Brey a big fan of ACC move to NYC

South Bend Tribune

Recruiting one day last fall in the New York metropolitan area, Notre Dame coach Mike Brey was hit with a reality as he hustled to catch his train at Penn Station.

Brey glanced at the Madison Square Garden marquee on Seventh Avenue and realized that for the first time in his Notre Dame tenure, he wouldn’t return to the place dubbed the “World’s Most Famous Arena” for a conference tournament in the spring.

It left him a little sentimental and a whole lot hopeful that he again would coach a conference tournament game in the big city.

Once the Atlantic Coast Conference expanded last summer to include Notre Dame, Pittsburgh and Syracuse before adding Louisville for 2014-15, many around college basketball circles knew what would come next — the league’s postseason tournament would slide out of North Carolina, where it has resided for 45 of the conference’s 61 seasons, and into New York.

On Wednesday morning, league commissioner John Swofford announced that the ACC tournament will be held at Barclays Center in Brooklyn for two seasons starting in 2017.

“You’ve got to get there (and) we’re there,” Brey said of playing the conference tournament in New York. “I give John Swofford a lot of credit. He knew we had to do it. It’s just got to be done.”

Brey had a strong sense that New York was inevitable when he participated last July in the league’s official expansion announcement. Heck, the event was held at the New York Stock Exchange. By the time the 2014 league tournament rolled around, it was pretty much understood that everything ACC was pointing to NYC.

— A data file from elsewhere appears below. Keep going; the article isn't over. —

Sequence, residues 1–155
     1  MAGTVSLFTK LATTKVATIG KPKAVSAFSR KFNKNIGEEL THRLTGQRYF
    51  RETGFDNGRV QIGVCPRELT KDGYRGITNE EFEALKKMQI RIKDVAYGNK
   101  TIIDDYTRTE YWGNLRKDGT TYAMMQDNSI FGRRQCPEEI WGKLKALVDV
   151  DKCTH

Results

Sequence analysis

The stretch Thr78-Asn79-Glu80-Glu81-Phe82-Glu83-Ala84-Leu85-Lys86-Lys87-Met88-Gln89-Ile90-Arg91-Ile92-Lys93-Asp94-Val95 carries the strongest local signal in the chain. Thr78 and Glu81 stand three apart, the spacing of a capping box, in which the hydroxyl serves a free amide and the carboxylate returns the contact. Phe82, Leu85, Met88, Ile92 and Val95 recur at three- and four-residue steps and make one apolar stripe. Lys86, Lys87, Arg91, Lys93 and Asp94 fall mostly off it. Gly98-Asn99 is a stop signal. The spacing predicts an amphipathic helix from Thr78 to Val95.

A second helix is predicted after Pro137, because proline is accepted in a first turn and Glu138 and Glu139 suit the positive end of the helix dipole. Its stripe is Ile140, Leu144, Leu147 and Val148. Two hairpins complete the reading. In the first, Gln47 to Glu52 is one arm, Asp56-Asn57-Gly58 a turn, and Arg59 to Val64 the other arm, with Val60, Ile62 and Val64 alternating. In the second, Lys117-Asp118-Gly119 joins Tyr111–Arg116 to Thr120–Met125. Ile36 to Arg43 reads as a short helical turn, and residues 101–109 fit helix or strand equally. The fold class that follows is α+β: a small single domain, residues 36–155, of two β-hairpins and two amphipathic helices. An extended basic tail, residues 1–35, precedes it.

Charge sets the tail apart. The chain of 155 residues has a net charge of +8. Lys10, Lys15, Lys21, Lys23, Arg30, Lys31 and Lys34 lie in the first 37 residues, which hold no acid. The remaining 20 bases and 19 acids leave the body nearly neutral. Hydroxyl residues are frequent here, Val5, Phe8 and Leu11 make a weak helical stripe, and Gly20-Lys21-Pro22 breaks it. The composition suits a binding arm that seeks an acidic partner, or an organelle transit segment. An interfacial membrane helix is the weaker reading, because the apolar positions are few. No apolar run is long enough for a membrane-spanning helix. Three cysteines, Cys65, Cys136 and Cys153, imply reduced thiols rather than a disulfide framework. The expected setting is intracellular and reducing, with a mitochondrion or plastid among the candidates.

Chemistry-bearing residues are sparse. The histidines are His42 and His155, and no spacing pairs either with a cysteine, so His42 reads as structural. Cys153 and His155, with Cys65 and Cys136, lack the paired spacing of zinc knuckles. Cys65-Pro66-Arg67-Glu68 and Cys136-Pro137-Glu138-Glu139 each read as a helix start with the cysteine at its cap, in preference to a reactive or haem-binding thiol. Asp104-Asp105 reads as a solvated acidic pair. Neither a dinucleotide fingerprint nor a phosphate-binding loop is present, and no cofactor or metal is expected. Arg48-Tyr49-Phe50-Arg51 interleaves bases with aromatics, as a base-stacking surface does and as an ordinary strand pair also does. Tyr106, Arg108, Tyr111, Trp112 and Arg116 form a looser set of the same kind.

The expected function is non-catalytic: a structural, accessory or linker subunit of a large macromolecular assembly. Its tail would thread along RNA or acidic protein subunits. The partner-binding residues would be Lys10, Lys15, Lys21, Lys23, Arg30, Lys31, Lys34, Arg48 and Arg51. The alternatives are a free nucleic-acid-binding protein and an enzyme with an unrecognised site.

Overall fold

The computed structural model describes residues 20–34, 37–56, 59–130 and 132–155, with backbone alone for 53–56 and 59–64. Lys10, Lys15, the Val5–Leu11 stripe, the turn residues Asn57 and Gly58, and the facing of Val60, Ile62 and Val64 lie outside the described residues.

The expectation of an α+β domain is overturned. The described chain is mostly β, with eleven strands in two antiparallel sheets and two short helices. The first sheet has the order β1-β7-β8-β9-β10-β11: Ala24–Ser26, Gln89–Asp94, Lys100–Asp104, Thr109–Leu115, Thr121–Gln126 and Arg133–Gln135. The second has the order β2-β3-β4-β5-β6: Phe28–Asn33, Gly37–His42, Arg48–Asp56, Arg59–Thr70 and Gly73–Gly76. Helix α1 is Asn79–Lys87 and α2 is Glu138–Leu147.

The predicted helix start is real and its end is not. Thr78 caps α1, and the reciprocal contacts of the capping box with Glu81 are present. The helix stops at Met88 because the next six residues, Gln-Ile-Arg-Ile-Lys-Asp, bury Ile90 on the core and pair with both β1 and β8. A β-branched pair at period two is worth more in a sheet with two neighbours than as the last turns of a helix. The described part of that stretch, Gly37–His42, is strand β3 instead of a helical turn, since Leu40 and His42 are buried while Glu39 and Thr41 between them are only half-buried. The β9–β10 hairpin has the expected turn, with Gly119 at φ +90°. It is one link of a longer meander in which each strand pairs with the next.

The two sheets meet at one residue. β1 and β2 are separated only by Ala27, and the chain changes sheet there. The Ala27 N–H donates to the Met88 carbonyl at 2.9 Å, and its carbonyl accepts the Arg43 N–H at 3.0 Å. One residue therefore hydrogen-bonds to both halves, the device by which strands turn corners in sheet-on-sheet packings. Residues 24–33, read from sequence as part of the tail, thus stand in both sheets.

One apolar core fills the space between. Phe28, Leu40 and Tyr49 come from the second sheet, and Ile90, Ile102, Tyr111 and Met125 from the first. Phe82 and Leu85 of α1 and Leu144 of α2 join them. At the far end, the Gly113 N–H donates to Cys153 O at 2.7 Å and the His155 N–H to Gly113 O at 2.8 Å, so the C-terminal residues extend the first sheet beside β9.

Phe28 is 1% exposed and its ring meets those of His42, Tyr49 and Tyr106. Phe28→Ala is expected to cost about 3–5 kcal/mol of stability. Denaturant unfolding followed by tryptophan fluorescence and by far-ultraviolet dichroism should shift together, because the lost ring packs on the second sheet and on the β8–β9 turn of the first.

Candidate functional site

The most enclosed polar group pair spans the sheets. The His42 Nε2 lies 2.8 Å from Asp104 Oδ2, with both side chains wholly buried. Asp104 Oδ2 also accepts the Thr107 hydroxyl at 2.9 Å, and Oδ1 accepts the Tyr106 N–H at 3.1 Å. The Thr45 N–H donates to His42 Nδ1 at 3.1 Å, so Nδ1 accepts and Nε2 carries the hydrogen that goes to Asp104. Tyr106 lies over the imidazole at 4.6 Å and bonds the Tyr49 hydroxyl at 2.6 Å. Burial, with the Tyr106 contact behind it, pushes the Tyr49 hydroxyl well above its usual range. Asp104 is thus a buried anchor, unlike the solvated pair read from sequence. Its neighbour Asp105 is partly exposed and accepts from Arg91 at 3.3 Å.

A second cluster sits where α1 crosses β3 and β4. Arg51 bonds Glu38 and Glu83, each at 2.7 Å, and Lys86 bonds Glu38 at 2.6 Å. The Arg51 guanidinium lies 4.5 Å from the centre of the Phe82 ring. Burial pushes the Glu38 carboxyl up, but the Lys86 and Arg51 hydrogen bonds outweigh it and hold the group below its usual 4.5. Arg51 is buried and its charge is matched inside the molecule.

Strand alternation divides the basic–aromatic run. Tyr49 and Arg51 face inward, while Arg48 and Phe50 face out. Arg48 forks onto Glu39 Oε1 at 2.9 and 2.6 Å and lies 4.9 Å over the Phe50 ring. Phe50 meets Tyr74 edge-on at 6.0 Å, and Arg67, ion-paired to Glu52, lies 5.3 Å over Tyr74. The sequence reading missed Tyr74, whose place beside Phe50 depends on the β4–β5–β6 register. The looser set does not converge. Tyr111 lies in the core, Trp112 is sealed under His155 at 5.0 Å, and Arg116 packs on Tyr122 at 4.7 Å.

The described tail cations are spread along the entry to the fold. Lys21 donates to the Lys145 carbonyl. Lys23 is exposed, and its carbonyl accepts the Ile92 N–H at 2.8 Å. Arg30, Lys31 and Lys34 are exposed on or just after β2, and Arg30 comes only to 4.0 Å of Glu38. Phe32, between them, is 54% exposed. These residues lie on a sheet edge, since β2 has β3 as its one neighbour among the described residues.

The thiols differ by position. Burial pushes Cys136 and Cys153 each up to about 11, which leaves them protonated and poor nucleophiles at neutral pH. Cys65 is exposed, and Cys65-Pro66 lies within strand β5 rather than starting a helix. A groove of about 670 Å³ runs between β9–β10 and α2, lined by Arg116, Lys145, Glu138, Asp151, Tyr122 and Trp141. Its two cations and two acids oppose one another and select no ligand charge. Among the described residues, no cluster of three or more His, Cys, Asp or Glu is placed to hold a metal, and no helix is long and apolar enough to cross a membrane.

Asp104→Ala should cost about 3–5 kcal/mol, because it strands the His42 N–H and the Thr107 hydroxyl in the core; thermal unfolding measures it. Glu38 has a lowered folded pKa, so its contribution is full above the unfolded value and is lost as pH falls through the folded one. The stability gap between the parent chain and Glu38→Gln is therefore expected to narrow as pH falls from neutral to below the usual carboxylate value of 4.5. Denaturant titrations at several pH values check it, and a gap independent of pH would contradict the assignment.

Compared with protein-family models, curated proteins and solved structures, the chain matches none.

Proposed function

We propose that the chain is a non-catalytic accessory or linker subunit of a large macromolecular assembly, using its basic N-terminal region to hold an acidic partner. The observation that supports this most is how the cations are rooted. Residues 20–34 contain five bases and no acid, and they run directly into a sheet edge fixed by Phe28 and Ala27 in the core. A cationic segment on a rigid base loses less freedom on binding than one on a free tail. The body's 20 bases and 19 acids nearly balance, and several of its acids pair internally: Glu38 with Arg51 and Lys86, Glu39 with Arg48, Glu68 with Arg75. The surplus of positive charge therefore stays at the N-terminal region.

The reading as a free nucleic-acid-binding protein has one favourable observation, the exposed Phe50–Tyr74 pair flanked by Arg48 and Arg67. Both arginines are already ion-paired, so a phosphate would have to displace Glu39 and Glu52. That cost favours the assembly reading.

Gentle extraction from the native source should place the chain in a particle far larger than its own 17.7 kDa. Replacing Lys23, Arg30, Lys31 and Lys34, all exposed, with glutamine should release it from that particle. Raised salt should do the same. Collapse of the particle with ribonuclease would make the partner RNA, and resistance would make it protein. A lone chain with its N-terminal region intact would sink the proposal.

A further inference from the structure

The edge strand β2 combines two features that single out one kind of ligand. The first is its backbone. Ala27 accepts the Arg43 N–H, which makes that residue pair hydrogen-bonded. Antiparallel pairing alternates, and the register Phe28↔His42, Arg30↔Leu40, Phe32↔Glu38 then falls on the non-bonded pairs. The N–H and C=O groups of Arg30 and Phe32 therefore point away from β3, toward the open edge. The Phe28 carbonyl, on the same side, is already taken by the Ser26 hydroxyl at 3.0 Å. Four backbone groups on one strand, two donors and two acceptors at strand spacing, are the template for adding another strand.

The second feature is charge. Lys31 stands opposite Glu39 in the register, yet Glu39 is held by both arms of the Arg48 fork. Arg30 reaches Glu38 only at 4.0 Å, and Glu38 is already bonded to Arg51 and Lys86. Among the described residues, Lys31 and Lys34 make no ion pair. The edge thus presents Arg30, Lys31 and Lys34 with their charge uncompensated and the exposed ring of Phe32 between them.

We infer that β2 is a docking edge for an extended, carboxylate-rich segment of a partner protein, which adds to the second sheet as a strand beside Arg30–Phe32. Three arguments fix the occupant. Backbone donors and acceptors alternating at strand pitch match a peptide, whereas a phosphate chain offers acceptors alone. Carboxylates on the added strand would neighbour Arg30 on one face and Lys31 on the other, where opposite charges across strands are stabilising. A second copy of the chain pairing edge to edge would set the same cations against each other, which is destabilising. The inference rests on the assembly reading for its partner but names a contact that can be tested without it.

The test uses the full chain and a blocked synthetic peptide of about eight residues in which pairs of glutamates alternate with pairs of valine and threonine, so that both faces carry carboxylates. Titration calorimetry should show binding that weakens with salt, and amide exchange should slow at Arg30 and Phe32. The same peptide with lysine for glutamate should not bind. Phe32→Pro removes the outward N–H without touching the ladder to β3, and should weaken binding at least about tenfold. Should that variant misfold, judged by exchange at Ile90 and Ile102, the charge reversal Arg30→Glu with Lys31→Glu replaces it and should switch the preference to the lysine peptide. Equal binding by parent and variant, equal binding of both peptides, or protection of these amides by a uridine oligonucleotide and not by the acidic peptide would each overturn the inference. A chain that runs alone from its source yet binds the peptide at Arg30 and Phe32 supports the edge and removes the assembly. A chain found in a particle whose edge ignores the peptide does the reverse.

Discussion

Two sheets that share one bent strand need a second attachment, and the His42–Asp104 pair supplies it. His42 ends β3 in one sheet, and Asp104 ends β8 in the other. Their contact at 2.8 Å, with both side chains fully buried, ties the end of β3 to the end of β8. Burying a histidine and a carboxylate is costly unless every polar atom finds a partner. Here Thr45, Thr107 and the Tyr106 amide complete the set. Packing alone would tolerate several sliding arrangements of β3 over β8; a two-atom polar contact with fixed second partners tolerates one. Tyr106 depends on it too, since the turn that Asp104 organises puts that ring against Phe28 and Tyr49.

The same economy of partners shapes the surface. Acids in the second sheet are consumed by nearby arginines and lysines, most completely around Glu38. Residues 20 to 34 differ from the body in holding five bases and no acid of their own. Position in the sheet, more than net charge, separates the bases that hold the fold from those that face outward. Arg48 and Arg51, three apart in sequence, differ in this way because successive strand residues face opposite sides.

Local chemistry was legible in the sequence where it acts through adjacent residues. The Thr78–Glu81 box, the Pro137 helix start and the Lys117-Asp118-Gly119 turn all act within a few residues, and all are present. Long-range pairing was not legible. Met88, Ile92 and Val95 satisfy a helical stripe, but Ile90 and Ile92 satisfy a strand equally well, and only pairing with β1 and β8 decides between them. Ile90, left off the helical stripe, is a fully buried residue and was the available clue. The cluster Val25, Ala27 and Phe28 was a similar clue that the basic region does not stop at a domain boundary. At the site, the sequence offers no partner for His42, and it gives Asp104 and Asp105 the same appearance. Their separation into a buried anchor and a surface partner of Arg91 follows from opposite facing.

“It’s great for the league; it’s great for Notre Dame,” Brey said. “If you’re going to be the deepest (basketball) league, you’ve got to play in that town.”

The ACC tournament has been played in seven different venues around 11 cities since 1954. It has traveled as far south as St. Petersburg, Fla., but never has been as far north as New York.

“Barclays Center has quickly emerged as one of the premier spots and entertainment venues in the world,” Swofford said at the morning press conference. “Brooklyn is a hot spot within the New York marketplace, which is an important part of our league’s new footprint.”

Notre Dame is 1-1 at Barclays Center, which opened in September 2012 at a cost of $1 billion. Appearing in the 2012 Coaches vs. Cancer Classic, one of three in-season tournaments the building hosts, Notre Dame lost in overtime to Saint Joseph’s (Pa.), 79-70, before beating Brigham Young, 78-68.

“It’s one of the great new facilities with all of its bells and whistles and technology, the lighting,” Brey said. “All of the things are top shelf.”

Some are unique. At Madison Square Garden, teams walk into the building at ground level, and then are ferried five stories up to court level via an ancient freight elevator. At Barclays, team busses exit Dean Street and onto an elevator that takes them down three floors to the arena’s backstage/locker room area. The bus then pulls out onto what can best be described as a large turntable that is 80 feet in diameter. With the building’s basement space at a premium, the bus is unloaded before the turntable spins it back in the direction of the elevator, where it simply pulls forward and onto the lift for the ride up to street level.